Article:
The Art of Watercolour 36th issue - PRINT Edition
The fall issue of The Art of Watercolour takes you once again around the world of watercolour: from Ireland with the amazing portraits of John Cooney to the US with Marnie Becker’s pointillist approach to watercolour. We also pay in this issue tribute to master Charles Reid, one of the great masters of watercolour. Happy reading.
Zoom on: “Lythraceae”, by Navin Tan
What’s on: Watercolour events from all over the world.
We were there: The 2019 Biennale of Brioude, France.
Call for entries: Try your luck in the next international competitions
Readers’ competition: The results of the Marine theme contest.
Readers’ competition winner: John Cooney
Readers’ competition runner-up:
- Ekaterina Sava
- Corneliu Dragan
One theme, 3 artists: Charles Rouse, Ryan Fox and Joe Dowden share their points of view on preserving whites.
My last painting: “Hortensia and Delphinium”, by Sarah Yeoman, and “Morning Still Life” by Olga Litvinenko.
MEET THE ARTISTS
Portfolio: American artist Charles Reid, who passed away last June, was one of the most important and influential watercolourists of the 20th century.
Alexis le Borgne: A young and increasingly popular artist for whom watercolour rhymes with strength, spontaneity, light and subtlety.
Revelations: Galina Gomzina and Annick Malotaux.
Julie Gilbert Pollard: She has made rocky sites her favourite subject, and likes to use strong colours to create added sensations.
Marnie becker: Her works in which she pursues a modern approach to pointillism reflect the intense emotions she feels when on location.
Anne Baron: Letting the water flow freely, she depicts nature at its most mysterious and most powerful.
Raghunath Sahoo: This Indian artist is in love with his country and culture, which he portrays in poetic and yet realistic watercolours.
Face to face: John Cooney and Suzy Schultz, two artists facing reality.
Peggi Habets: Renowned for her ballerina series, she’s back with seom new watercolours.
Mikhail Starchenko: He loves nothing more than losing himself in the details of his hyperrealistic watercolours.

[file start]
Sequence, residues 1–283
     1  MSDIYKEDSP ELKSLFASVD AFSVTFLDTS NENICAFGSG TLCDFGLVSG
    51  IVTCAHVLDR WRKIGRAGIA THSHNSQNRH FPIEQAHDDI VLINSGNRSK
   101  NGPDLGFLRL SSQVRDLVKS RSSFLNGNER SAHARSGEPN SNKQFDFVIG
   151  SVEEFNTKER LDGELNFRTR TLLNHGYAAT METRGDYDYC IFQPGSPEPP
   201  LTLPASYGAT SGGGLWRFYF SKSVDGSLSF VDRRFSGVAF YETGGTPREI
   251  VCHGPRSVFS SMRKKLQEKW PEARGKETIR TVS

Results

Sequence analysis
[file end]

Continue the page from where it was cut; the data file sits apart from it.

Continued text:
Face to face: Still lifes are a multi-faceted subject that allows artists to give their creativity free rein. Irina Zhunaeva and Domenico di Meco explain how they tackle it.
Jan Min: This Dutch artist loves rendering mysterious and misty atmospheres, revealing their latent poetry.
As we all know, today, information flows at the speed of a click on a keyboard or a swipe on a telephone screen. One piece of information, be it a picture or a video quickly gives way to another and social networks now seem to have become a bottomless well endlessly watered by these data streams. Who is in a position today to say whether this is a good or a bad thing? Perhaps we should rather see this as a genuine revolution that, brought to the scale of our watercolour world, could be compared to the invention of tube paints. It was thanks to these airtight containers filled with pre-prepared ready-to-use paint that outdoor painting flourished, leading to Impressionism and thus paving the way for modern art.
Plein-air watercolour is still basically practiced in the same way as Turner and his fellow artists did: a few brushes, a few colours and a sense of wonder in front of the subject, whatever it may be, which quickly becomes a need to paint it. On the other hand, what has changed today is the incredible platform provided by social media: many artists nowadays, their watercolours barely dry, promptly publish a photo of them, which will quickly travel the world.
The young generation of artists, such as Alexis Le Borgne to whom we have devoted a full feature in this issue of “The Art of Watercolour”, have perfectly assimilated this new dimension of watercolour: the latter spends a significant amount of time referencing his work on the Internet. For him, as for many others, production and promotion go hand in hand.
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